Man receives donor lung through tiny 3-inch incision

In the world’s first fully robotic lung transplant, surgeons reduced the size of the chest incision from almost a foot down to just 3 inches.

Surgeons in Spain have performed what they say is the first fully robotic lung transplant — and their unique approach to the procedure appears to make it less risky and painful for patients.  

The challenge: A lung transplant can be life-saving, but it’s also a hugely invasive procedure — traditionally, surgeons cut a nearly foot-long incision across a patient’s chest and split open their breastbone to access their lungs. 

This approach often leads to a long, painful recovery, typically involving opioid painkillers that can be addictive. Transplant recipients are also at high risk of infection due to the immune-suppressing drugs they must take to prevent organ rejection. An infection in the large wound can prevent it from closing properly — sometimes necessitating another surgery and further delaying recovery. 

“We believe it is a technique that will improve patients’ life quality, the post-surgery period, and reduce pain.”

Albert Jauregui

A 3-inch incision: Researchers at Vall d’Hebron University Hospital in Spain have demonstrated a new lung transplant procedure that allowed them to remove and replace a patient’s damaged lung through a 3-inch incision. 

Not only was the transplant successful, the patient recovered faster than normal, without opioids.

“We believe it is a technique that will improve patients’ life quality, the post-surgery period, and reduce pain,” said Albert Jauregui, head of the Thoracic Surgery and Lung Transplants Department at Vall d’Hebron. “We hope this technique will eventually spread to more centers.”

How it works: During the lung transplant, surgeons made their 3-inch cut just above the diaphragm of their patient, a 65-year-old man named Xavier. They then used a soft tissue retractor to spread open the incision.

“It’s a part of the body that has the advantage of having a very elastic skin, which gives room to widen the opening without having to touch a single rib,” Jauregui said.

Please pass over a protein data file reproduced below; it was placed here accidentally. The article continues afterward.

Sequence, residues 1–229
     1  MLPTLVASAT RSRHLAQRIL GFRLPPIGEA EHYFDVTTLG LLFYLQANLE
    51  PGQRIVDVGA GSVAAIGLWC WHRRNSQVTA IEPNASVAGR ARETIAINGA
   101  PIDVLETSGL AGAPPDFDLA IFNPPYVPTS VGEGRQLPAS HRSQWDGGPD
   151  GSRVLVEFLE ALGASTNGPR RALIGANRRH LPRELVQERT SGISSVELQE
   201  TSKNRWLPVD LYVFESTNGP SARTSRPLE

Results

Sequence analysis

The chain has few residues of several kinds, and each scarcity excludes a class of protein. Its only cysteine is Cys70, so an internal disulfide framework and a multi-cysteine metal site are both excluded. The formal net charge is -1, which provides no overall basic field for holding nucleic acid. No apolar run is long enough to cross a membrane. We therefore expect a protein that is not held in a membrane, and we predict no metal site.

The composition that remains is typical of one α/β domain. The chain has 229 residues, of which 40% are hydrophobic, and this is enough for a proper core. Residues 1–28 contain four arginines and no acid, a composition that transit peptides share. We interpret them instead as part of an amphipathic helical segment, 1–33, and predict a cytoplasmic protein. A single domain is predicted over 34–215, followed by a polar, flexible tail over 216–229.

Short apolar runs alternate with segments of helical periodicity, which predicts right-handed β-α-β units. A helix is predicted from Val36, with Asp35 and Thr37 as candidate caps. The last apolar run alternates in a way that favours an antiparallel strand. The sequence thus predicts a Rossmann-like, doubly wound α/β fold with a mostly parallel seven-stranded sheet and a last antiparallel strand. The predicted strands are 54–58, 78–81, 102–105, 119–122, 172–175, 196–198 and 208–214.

“I had zero pain.”


The four arms of a surgical robot named Da Vinci were inserted into the patient’s chest through a few other tiny cuts, each less than .5-inch long.

One of the arms held a camera that allowed the surgeons to see inside the patient. The other three arms were topped with surgical instruments to separate the diseased lung from the heart and guide it out the opening above the diaphragm.

Once that part of the procedure was finished, a deflated donor lung was inserted through the opening, and surgeons then used Da Vinci’s arms to attach it to the patient’s body. The small incisions were then closed.

“From the moment I regained consciousness and woke up from general anesthesia, I had zero pain,” said Xavier.

The big picture: Vall d’Hebron isn’t the only hospital using robots to make lung transplants less invasive. In 2022, a team at Cedars-Sinai Hospital in Los Angeles performed a robot-assisted lung transplant after making a 3-inch incision between their patient’s ribs.

Part of that surgery was still performed manually, though, according to the Vall d’Hebron team, which claims their operation is the first example of a fully robotic lung transplant. It’s also the first time the procedure has been performed through the opening below the diaphragm.

“This novel surgical technique allows us to cut a small section of skin, fat, and muscle, leaving a wound that closes easily,” said Jauregui. “Not only is this much safer than the traditional method, but for this first patient it has been virtually painless.”

“This is a historic milestone which we believe will improve the lives of thousands of patients,” he added.

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